Then she suffered them, with her two women, to disrobe her of her chain of pomander beads and all other her apparel most willingly, and with joy rather than sorrow, helped to make unready herself, putting on a pair of sleeves with her own hands which they had pulled off, and that with some haste, as if she had longed to be gone.
All this time they were pulling off her apparel, she never changed her countenance, but with smiling cheer she uttered these words, 'that she never had such grooms to make her unready, and that she never put off her clothes before such a company.'
Then she, being stripped of all her apparel saving her petticoat and kirtle, her two women beholding her made great lamentation, and crying and crossing themselves prayed in Latin. She, turning herself to them, embracing them, said these words in French, 'Ne crie vous, j'ay prome pour vous', and so crossing and kissing them, bade them pray for her and rejoice and not weep, for that now they should see an end of all their mistress's troubles.
Then she, with a smiling countenance, turning to her men servants, as Melvin and the rest, standing upon a bench nigh the scaffold, who sometime weeping, sometime crying out aloud, and continually crossing themselves, prayed in Latin, crossing them with her hand bade them farewell, and wishing them to pray for her even until the last hour.
Then lying upon the block most quietly, and stretching out her arms cried, in manus tuas, Domine, etc., three or four times. Then she, lying very still upon the block, one of the executioners holding her slightly with one of his hands, she endured two strokes of the other executioner with an axe, she making very small noise or none at all, and not stirring any part of her from the place where she lay: and so the executioner cut off her head, saving one little gristle, which being cut asunder, he lift up her head to the view of all the assembly and bade God save the Queen.... Her lips stirred up and down a quarter of an hour after her head was cut off.
Then Mr. Dean [Dr. Fletcher, Dean of Peterborough] said with a loud voice, 'So perish all the Queen's enemies,' and afterwards the Earl of Kent came to the dead body, and standing over it, with a loud voice said, 'Such end of all the Queen's and the Gospel's enemies.'... (Execution)
As James, Mary's son, had not seen Mary since his infancy and wanted to succeed to the English throne, he did not object to his mother's condemnation. Following Mary's execution, after he ascended the throne of England, James I erected a monument to her. (Fraser)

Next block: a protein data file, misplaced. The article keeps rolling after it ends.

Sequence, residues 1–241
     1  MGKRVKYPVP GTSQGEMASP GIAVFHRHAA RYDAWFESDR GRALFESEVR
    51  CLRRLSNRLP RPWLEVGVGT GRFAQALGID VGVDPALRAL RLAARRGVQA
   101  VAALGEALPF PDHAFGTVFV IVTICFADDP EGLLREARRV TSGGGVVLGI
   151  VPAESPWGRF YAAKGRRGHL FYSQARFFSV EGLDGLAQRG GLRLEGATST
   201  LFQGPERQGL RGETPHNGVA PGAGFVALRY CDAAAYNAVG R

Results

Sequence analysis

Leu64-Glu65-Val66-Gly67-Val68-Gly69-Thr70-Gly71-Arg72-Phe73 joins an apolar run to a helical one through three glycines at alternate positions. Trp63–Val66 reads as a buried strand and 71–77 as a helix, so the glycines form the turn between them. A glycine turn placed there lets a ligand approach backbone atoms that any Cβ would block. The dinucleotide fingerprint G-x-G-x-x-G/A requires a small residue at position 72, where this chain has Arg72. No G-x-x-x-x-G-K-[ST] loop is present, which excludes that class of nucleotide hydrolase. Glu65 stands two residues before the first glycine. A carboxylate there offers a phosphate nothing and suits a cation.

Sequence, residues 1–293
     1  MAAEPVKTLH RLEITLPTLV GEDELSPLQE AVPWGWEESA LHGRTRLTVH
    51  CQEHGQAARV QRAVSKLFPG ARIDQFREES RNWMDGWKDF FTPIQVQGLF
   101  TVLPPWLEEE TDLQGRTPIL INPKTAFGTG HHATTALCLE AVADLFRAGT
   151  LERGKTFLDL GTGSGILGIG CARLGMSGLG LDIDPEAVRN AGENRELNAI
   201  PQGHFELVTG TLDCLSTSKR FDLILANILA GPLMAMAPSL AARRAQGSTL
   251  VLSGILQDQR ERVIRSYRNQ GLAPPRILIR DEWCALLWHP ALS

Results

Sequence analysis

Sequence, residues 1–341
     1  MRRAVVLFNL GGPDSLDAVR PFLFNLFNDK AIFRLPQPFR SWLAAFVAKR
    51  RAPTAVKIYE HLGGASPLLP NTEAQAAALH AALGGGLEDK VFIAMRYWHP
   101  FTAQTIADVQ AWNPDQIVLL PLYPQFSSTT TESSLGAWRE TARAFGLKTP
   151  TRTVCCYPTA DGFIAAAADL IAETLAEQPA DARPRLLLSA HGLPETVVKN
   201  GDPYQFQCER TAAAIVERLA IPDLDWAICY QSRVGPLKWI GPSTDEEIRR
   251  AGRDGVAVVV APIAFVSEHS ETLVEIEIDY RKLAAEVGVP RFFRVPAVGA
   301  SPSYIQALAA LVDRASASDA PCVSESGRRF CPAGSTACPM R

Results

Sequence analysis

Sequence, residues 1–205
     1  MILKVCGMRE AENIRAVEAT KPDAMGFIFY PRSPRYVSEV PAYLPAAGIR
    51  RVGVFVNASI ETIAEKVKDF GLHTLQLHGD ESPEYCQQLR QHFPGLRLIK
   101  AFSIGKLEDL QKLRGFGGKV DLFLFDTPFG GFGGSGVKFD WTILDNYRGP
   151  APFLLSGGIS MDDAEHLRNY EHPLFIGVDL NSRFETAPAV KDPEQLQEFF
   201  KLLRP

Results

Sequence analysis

Review of Mary's Life in his review of My Heart is My Own: The Life of Mary Queen of Scots, the book by John Guy, Adamson writes: "When Mary Queen of Scots was executed in 1587, she died almost universally reviled: a failure as Queen of Scotland; an alleged adulteress, complicit in her husband's murder; and the promoter of a plot to assassinate Elizabeth I..." He purports that Mary's crime ultimately contributed to her condemnation to the scaffold. Whether Mary, Queen of Scots was a "romantic and tragic figure..., a scheming adulteress or a murderess as her political enemies insisted, continues to be a contemporary matter of debate. The truth of Mary's life, as well as her demise, this researcher, as Fraser, contends, is not as simple as some accounts contend. According to Fraser, "Mary did plot against Elizabeth's life; and Elizabeth did consistently reject petitions to execute Mary over the 19-year course of her imprisonment." Adamson reports that Guy convincingly absolves Mary from any involvement in Darnley's murder. He does, albeit, as numerous other historians, judge her guilty of "serious errors of judgment."
While some in history judge Mary a failure, some consider her a heroine who was victimized by politically inspired slander. Some insist she lived a life of courage and displayed principles of her Catholic faith. Some say Mary, Queen of Scots died as a martyr to monarchy. May's choice of husbands, some contend, led to her downfall.
Perhaps her greatest accomplishment, according to Marshall (127) relates to her "birthright" to the time when she was six days old and the English were poised to invade Scotland after the disaster at Solway Moss. If Mary, Queen of Scots had died as an infant or Henry VII had controlled her as he planned, he would have most likely stepped in as king-maker, just as Edward I of England had done. Instead, during this time, due to her position at the beginning of her life, Mary served as the symbol of Scotland's continuing independence. (Marshall 127) www.britannica.com/EBchecked/topic-art/367467/12861/Mary-Queen-of-Scots-detail-of-a-drawing-by-Francois"
Adamson, John. "The queen ruled by others Traitor to some, martyr to others - John Adamson on the extraordinary life of Mary Queen of Scots," the Sunday Telegraph London, January 4, 2004. 22 July 2008 http://www.highbeam.com/doc/1P2-8914626.html.
Colburn H.; Strickland, Mary Agnes. 1845; Digitized Sep. 6, 2005. Letters of Mary, Queen of Scots: Now First Published from the Original. Harvard University. 22 July 2008 http://books.google.com/books?id=lttUoiwDd5AC&printsec=frontcover&dq=Mary,+ueen+of+Scots.
The Columbia World of Quotations. New York: Columbia University Press, 1996. 22 July 2008 http://www.bartleby.com/66/85/38185.html.
Fraser, Lady Antonia, 2008.. "Mary Queen of Scotland." Encyclopedia Britannica 22 July 2008 http://www.britannica.com/EBchecked/topic/367467/Mary#tab=active~checked%2Citms~checked&title=Mary%20 -- %20Britannica%20Online%20Encyclopedia.
Marshall, Rosalind K. Scottish Queens, 1034-1714. East Linton, Scotland: John Donald, 2007. Questia. 22 July 2008 http://www.questia.com/PM.qst?a=o&d=112938859.
Mary Queen of Scots," Encyclopedia of World Biography, January 1, 2004. 22 July 2008 http://www.highbeam.com/doc/1G2-3404704257.html.